Hunter and his fellow honorees will receive $1,000 and an engraved sterling-silver medallion Dec. 17 at the AKC/Eukanuba National Championship in Orlando, Fla.

Rabid Cat Exposes Three Cats, 10 Horses, Three People

A rabid cat found in the Ledford community Sept. 9 possibly exposed three other cats, 10 horses, two people and a veterinarian to the disease, according to a press release from the Davidson County Health Department.

The cat is the 13th case of rabies for the year in Davidson County. The three other cats and 10 horses all received rabies vaccinations booster shots, as did the veterinarian. The two people were referred to their physician for medical follow-up.

Do not handle an animal with bare hands after it has had contact with a wild animal. Saliva from the wild animal may still be present on the domestic animal's fur, and by handling the animal, you may expose yourself to the rabies virus.

Hutchinson Prisoners Have Begun Making Dog Beds

HUTCHINSON, Kan. - Some recycling efforts at the Hutchinson Correctional Facility have really gone to the dogs.

For more than a year, inmates at the local prison have been dismantling mattresses that would have otherwise ended up in area landfills.

The steel from the springs and the cotton batting in the mattresses are recycled, generating money for prison operations. Wood from the mattresses has been fashioned into flower boxes and benches. Through recycling, the metal and cotton from old mattresses has made more than $49,000 for the prison's general fee fund, said Steve Schneider, spokesman at the Hutchinson Correctional Facility.

And now, inmates are using the foam and material from the mattresses to make dog beds.

The beds are being donated to animal shelters and sold in a Topeka veterinary clinic to sustain the Hutchinson Correctional Facility's dog training programs, according to Beth Mechler, a program consultant for the Kansas Department of Corrections.

"It helps subsidize the programs and helps the community," Mechler said of the dog beds. "Every part of the mattresses is being recycled, which is awesome."

The dog beds made from recycled mattress materials are already being used by the Lucky Dog program, where inmates train dogs and prepare them for adoption, and by the prison's Canine Assistance Rehabilitation, Education and Services program, where dogs are trained to be service dogs, said Chandy Wylie, activities specialist who coordinates the two dog programs at Hutchinson Correctional Facility.

So far, only a few inmates at the Hutchinson prison have been working to make the beds, which they started doing about three months ago.

Using a donated sewing machine, inmate Steven Chritzer was busy Wednesday making water-resistant covers for the foam beds. He also makes a thinner dog bed made of the old mattress material and said two inmates help him measure and cut the material.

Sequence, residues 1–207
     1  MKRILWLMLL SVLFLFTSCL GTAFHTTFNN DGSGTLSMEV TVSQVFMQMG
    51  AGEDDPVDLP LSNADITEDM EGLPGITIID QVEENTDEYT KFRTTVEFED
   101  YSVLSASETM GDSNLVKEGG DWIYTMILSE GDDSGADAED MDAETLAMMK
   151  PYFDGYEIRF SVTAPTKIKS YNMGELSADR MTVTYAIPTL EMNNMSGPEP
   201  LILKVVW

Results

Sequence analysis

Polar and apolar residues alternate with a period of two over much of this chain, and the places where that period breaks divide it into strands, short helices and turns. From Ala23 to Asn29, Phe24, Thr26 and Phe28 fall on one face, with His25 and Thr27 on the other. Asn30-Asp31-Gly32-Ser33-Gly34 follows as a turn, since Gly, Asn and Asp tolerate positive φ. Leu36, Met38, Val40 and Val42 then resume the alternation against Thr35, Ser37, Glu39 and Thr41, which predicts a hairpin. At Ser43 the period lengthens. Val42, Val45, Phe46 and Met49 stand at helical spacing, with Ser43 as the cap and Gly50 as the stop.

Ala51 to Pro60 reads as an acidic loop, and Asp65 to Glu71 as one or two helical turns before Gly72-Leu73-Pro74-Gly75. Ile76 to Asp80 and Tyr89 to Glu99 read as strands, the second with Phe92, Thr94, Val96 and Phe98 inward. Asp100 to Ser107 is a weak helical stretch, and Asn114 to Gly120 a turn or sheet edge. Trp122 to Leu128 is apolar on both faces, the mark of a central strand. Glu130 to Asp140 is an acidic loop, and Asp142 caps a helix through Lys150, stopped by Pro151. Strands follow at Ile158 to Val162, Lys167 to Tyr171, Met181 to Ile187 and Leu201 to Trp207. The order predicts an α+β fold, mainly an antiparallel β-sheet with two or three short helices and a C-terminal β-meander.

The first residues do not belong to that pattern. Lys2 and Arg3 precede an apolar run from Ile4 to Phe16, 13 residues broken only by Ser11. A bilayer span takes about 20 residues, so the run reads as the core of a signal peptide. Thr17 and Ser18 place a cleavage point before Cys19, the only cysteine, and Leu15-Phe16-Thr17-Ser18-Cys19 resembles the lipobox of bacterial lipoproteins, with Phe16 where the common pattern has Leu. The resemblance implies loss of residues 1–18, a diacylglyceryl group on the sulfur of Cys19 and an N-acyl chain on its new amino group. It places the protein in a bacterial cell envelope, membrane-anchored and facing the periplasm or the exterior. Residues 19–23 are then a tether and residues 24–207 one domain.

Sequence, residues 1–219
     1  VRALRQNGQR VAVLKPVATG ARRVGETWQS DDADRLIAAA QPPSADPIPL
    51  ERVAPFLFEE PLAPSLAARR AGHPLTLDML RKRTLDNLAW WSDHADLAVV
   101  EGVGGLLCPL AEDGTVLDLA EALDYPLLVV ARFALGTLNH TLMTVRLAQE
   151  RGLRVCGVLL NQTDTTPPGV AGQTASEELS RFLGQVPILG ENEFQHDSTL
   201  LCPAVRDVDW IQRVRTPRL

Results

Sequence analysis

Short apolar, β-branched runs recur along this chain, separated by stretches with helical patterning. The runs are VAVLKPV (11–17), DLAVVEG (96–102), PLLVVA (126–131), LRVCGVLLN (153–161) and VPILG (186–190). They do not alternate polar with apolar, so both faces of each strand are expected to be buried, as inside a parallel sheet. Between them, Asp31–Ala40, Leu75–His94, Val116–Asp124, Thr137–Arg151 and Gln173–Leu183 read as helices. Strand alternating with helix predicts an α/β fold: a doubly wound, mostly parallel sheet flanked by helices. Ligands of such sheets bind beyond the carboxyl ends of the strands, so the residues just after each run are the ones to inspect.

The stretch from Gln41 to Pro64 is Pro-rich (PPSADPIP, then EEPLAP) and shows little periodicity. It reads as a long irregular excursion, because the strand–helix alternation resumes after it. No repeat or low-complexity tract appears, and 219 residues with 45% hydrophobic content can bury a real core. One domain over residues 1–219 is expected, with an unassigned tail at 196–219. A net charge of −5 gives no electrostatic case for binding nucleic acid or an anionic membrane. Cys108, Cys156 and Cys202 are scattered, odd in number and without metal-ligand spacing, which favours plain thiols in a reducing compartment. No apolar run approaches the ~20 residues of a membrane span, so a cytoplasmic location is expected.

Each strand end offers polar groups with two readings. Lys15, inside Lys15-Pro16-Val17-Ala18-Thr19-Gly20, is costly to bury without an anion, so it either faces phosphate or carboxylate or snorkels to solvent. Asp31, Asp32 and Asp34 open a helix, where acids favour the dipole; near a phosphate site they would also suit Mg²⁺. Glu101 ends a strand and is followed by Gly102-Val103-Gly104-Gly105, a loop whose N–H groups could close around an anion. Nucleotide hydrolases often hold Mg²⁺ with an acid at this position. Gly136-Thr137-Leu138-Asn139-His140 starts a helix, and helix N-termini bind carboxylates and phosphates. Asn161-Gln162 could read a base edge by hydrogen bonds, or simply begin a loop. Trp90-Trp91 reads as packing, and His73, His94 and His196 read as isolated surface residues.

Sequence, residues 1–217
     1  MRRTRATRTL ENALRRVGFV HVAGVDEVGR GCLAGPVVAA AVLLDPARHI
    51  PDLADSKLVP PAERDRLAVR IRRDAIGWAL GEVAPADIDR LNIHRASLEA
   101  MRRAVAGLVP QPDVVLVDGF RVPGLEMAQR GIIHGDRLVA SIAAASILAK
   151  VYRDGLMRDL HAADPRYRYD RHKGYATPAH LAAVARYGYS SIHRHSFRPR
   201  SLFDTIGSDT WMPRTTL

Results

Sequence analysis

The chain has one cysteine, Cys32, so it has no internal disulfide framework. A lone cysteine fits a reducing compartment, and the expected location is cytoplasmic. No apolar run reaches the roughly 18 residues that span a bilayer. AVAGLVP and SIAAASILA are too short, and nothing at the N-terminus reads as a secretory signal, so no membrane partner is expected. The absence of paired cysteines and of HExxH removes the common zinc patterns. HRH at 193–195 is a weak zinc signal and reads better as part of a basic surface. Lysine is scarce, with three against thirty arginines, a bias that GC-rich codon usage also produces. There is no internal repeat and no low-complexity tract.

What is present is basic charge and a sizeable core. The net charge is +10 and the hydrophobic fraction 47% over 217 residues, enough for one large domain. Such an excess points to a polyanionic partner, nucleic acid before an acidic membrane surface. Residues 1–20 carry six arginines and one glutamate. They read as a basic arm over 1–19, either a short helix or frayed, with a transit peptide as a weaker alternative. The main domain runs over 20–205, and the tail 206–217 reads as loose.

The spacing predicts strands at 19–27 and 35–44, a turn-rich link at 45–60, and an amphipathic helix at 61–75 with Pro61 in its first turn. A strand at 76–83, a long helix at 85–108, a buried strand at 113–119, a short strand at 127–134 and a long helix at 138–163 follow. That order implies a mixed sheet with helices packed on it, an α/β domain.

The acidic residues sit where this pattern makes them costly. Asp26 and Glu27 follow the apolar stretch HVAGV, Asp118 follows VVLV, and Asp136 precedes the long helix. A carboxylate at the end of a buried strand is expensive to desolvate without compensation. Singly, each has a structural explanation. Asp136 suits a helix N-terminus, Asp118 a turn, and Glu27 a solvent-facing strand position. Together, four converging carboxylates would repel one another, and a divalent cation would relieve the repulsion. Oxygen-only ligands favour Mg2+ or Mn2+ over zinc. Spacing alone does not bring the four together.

According to Wylie, Chritzer is the only one who has been charged with the sewing. In the past three months, nearly 150 beds have been made, she said. It takes at least six hours to make the larger dog bed and about 30 minutes for a smaller, thinner one, Wylie said.

About 30 beds were shipped to a Department of Corrections dog program in Topeka that involves female inmates, she said.

"All of the funds from these beds will go to take care of the dogs," Wylie said, noting the program might buy treats and leashes for the dog training.

Topeka Veterinarian Mike Esau, an Inman native, watched inmates working Wednesday in the C.A.R.E.S. program at the Hutchinson prison. Esau, a veterinarian for Mechler's dog, said Mechler contacted him and he agreed to display and sell the dog beds at his clinic to aid the prison's dog programs.

On Wednesday, the C.A.R.E.S. building at HCF was filled with inmates guiding and training dogs - from terriers to Labradors and Great Danes.

Chritzer said he prefers his new job making dog beds over the job he once had in the prison's print shop. He said he previously sewed leather clothing at the prison in El Dorado and worked in a garment factory in a Florida state prison.

Warden Sam Cline, who watched as the inmates worked with the dogs, said he was pleased to see mattresses that would have otherwise been thrown away being used for recycling efforts and "something positive" for inmates and the community.

"We hope to use any resources we have efficiently, especially since it offsets costs required of taxpayers," he said.

Cline said the prison's dog training programs helps the inmates "feel a sense of responsibility, similar to a family setting, since they're the caretaker of the dog."

"It brings out a humanness in some that they were unable to experience before," he said.

Beach Going to the Dogs?
By Kevin Herrera -

Local group renews effort to create dog beach in Santa Monica

WALK THIS WAY: People walk their dogs along Santa Monica Beach during the Best Friends Animal Society ‘Strut Your Mutt’ fundraising walk last year. These dogs were allowed on the beach for a special event, but there is a movement afoot to create a dog park on the beach. photo by Brandon Wise.

Click here to read story.